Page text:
Fail Fast - Get it wrong today. Kick ass tomorrow! There are piles upon piles of books, VHS tapes, Ted Talks and podcasts about overcoming the age-old “Fear of Failure.” And everyone knows we should “learn from our mistakes" and that “good things can come of bad.” Indeed, as failure is often described as the quickest and most reliable route to success, why do we dread it so much? Why? Human nature. Fear of failure is essentially fear itself.
Without fear, we’d refuse to educate ourselves. We’d walk blindly into traffic or jump into the deep end of the pool without knowing how to swim. Etc etc etc… On the one hand, fear of failure is a life-saver and the driving force behind our desire to grow and better ourselves. But, on the other, if left to run wild, this particular fear can stifle creativity turning a corner from self-preservation and quality control to self-defeating perfectionism. Successful people view failure as an unique opportunity to earn first-hand wisdom.
These do-ers quiet their perfectionist tendencies enough to realize failure almost never results in absolute catastrophe. In reality, making mistakes or falling short of expectations rarely involves more than losing a little money and wasting some time - a small price to pay for a potentially invaluable experience… regardless of the outcome. So, how might you apply this mindset specifically as a MusicMaker?
Here are a number of suggestions from your friends at KiKu:
1) Seek out and embrace criticism... and do it early in the creative process. Play your newest songs to anyone that will listen - not just to your mother and your closest friends. Ask other MusicMakers and MusicPros what they think and really Listen, not just to their words but also to their reactions. Once you have feedback from your Inner Circle. Play your song at an Open Mic or a KiKu SongCircle. Is your audience losing interest after the first chorus? Does the message in the lyric provoke conversation? Is the subject or feeling coming across like you hoped it would? Once you've done this, use this information to determine for yourself if the song is up to the standard you want for yourself. You don't have to take everyone’s advice on board (and you probably shouldn't!) but never reject what you hear simply because it challenges you.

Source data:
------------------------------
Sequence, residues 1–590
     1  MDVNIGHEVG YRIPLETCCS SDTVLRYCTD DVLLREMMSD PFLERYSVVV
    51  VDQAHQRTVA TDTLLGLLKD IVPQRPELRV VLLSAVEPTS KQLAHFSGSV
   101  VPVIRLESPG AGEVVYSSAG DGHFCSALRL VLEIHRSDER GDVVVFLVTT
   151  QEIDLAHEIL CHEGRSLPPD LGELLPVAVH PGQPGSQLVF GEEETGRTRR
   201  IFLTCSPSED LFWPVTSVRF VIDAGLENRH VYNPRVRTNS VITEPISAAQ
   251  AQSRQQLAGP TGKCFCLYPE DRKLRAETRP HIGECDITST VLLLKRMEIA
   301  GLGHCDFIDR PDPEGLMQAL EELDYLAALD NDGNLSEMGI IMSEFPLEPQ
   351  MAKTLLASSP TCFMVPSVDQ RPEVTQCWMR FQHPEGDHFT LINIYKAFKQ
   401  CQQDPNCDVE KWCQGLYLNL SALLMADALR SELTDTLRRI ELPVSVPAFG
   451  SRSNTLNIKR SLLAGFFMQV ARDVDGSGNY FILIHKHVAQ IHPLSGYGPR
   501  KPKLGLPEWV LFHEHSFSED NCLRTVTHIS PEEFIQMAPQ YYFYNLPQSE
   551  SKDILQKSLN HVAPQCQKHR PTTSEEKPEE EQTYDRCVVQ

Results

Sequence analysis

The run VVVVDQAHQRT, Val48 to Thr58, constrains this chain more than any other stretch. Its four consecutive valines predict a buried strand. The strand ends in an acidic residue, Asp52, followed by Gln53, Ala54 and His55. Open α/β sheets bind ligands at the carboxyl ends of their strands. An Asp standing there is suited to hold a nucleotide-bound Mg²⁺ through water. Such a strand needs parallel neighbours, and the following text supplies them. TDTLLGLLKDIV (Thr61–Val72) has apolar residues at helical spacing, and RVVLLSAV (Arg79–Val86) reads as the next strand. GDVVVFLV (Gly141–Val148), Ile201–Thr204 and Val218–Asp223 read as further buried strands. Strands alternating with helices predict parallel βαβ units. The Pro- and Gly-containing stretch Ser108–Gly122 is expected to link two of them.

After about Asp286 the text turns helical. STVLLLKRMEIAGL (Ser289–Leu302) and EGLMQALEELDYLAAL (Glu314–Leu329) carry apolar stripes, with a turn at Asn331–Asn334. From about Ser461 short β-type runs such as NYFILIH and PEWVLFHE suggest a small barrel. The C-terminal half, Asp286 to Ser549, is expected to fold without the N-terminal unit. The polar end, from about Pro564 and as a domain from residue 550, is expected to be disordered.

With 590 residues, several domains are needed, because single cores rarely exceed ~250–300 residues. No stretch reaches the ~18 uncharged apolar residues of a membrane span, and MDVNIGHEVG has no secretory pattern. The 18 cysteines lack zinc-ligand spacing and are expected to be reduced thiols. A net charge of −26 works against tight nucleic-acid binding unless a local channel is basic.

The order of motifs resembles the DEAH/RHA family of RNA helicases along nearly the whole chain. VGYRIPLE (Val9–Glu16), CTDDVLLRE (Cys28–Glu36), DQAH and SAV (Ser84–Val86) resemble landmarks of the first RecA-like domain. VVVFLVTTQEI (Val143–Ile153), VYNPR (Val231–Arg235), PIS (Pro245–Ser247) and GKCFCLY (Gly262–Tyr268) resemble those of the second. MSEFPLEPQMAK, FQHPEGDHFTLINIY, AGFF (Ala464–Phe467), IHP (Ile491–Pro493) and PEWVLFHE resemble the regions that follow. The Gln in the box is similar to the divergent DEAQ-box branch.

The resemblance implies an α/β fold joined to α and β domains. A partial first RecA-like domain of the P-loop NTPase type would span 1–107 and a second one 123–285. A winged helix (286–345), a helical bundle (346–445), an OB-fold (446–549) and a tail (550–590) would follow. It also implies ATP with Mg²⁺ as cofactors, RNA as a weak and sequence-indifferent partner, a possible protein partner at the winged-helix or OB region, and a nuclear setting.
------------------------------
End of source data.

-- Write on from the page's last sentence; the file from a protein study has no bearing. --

2) Put yourself out there and widen your network! Pick up the phone, reach out via social media, go to a KiKu networking event and introduce yourself...to everyone. Ask them about themselves and be ready to talk about yourself in honest and direct terms. Where you are in your career... where you'd like to be... Most people are afraid of rejection - a particularly emotionally challenging form of failure. But a little persistence can go a long way towards developing new and empowering relationships. If someone rejects you, don't be afraid to ask why. If you get an answer, maybe you're being presented with an opportunity to grow. As long as you’re friendly and polite, you lose nothing by trying to make new connections.
3) Get out of your comfort zone! Expose yourself to new music and new production styles that challenge you and broaden your horizons. If you’ve never co-written, do it. If you’re 40 years old or older, use the Social Media that you don’t understand. Sure it’ll be disorienting and somewhat embarrassing at first, but don’t avoid or pre-judge things out of ignorance.
Put yourself out there and try new stuff. Like we said earlier, what’s the worst that could happen? There's an old saying that goes: "What doesn't kill you makes you stronger." The happiest and most fulfilled MusicMakers know this and they are out there taking chances, writing for the waste basket, starting that new band they've always talked about, and more.
Whatever is holding you back, whatever idea you have or song you’ve written that just "isn’t ready”... Let it go. Let it fly or fall.
Either way, the result probably won’t kill you.
This blog post is part of a four part series on failure from http://KiKuSongs.com